Baking sourdough bread is all about the taste, right? Then you go on Instagram and scroll through your feed of your favorite bakers. There’s one gorgeous loaf after the other. Huge oven spring. Ears galore. Open crumb party. So you feel a bit discouraged, how can you make a gorgeous bread? Well, you should try my recipe for a wrapped sourdough bread.
This kind of bread is also known as Pane Incamiciato, which in Italian means something akin to bread in a jacket. During my research of this bread I wasn’t able to find any ‘original’ recipes or even anything about the history of this bread, so I decided to just create a recipe from scratch.
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The dough in this wrapped sourdough bread recipe
|Total weight||1100 grams|
|Yield||1 small loaf|
|Total weight||600 grams|
|Yield||1 outer layer|
The main dough here is just my blatantly stolen from my no knead artisan bread. You can use any sourdough bread recipe that you know and like.
This dough uses 80% bread flour for structure and 20% rye flour for excellent taste.
The hydration is sitting at 75%, which is in the high range. If your flour isn’t very absorbent or you are new-ish in the sourdough baking game you can lower it using my Bread Calculator.
The salt content is a nudge above 2% which shouldn’t raise any eyebrows. Enough to bring out the taste of the flour, but nothing too crazy.
|112g||whole grain rye flour||19.9%|
|114g||starter (100% hydration)||20.2%|
If you want to play around with the formula: scale, change hydration or quantity you can do so here in my Bread Calculator.
The outer layer will add a whole new dimension to your sourdough bread. It’s very low hydration, which helps separate it from the main dough. We’ll also use both olive oil and sesame seeds to help promote the separation of the two layers.
Because the hydration is very low, the only flour used is all-purpose flour.
The hydration is 56.2%, which is really low. Expect to be kneading this dough for a while to get all the flour incorporated. You don’t really need to do anything else special for gluten development. It will develop during bulk.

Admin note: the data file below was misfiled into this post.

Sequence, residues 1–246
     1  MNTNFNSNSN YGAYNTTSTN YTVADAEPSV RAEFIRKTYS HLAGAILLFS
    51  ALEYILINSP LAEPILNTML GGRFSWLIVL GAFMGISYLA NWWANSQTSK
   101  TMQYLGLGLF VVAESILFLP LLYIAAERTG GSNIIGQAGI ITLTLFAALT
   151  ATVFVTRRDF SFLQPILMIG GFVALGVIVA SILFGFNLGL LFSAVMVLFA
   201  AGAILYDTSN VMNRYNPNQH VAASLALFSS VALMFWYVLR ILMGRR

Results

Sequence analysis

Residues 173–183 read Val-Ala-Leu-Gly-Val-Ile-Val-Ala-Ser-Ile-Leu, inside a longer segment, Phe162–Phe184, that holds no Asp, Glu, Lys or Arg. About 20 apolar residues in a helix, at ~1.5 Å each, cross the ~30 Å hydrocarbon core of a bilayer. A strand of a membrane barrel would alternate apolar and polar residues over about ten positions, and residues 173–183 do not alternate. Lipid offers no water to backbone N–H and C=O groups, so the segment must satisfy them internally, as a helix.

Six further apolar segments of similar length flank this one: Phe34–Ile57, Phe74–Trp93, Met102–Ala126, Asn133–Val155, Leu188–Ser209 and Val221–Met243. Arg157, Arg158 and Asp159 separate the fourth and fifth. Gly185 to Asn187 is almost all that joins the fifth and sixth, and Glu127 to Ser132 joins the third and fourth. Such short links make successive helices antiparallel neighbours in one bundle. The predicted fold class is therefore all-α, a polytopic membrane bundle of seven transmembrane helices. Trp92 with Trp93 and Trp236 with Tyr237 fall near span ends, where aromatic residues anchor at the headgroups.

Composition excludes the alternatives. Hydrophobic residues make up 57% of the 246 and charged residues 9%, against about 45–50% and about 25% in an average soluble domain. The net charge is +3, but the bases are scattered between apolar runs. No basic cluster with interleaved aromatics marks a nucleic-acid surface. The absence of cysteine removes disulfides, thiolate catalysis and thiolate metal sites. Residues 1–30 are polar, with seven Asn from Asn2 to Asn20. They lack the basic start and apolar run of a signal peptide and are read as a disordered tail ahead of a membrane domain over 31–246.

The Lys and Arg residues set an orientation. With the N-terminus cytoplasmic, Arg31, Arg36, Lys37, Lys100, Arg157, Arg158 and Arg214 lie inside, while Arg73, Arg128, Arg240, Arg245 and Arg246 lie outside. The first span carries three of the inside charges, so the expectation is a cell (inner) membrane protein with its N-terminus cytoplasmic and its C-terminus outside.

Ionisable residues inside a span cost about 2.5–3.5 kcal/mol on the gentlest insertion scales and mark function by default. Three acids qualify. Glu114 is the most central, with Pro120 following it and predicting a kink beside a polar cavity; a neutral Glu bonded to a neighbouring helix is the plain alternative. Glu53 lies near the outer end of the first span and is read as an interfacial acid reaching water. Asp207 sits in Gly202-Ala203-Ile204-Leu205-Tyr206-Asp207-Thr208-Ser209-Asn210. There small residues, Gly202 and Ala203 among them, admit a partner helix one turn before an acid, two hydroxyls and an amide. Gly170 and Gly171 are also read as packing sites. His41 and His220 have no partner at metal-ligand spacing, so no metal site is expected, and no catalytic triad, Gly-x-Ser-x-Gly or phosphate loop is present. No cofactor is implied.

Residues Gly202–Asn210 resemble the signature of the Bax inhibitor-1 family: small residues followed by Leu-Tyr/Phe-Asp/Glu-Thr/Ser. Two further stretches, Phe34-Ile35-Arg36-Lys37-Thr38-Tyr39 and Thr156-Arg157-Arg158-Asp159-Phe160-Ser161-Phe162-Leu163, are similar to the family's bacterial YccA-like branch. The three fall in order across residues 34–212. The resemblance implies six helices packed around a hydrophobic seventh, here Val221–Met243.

The salt content is 2.3% which helps the outside become super crispy and also give it as sort of cracker-like feel to it.
|70g||starter (100% hydration)||20.3%|
As above, you can examine or change the formula in my Bread Calculator.
The conclusion of this wrapped sourdough bread recipe
This recipe for a wrapped sourdough bread is in many ways a very easy recipe. The hard part is not making the dough, fermenting or even the shaping. The hard part is scoring the dough.
You need to score very carefully so that you only score the outer layer of dough. It’s all about being super nimble and only scoring lightly. You can always go over the score again afterwards.
Taste-wise this bread has an excellent taste and a wonderfully soft and moist crumb. The sesame seeds gets toasted when the bread is baking and the smell that comes off this bread is intoxicating. I just adore sesame seeds.
The outer layer turns SUPER crisp, and biting into a piece of this bread is so absolutely satisfying.
The look of this bread is gorgeous and will impress people. It will make a wonderful gift.
It’s worth the effort.
Please share this recipe for wrapped sourdough bread on social media
This is my recipe for a wrapped sourdough bread. If you like the recipe please consider sharing it with like-minded bread lovers on social media.
If you make it and post it on Instagram, please tag me as @foodgeek.dk so I can see it. That would make me very happy.
Wrapped Sourdough Bread
- 452 g bread flour
- 112 g whole grain rye flour
- 410 g water
- 114 g starter
- 12 g salt
Outside Layer Dough
- 344 g all-purpose flour
- 178 g water
- 70 g starter
- 8 g salt
- extra virgin olive oil
- black sesame seeds
Mix main dough
- In a medium bowl add: 452g bread flour, 112g whole grain rye flour, and 12g salt.
- Combine the ingredients with your hands.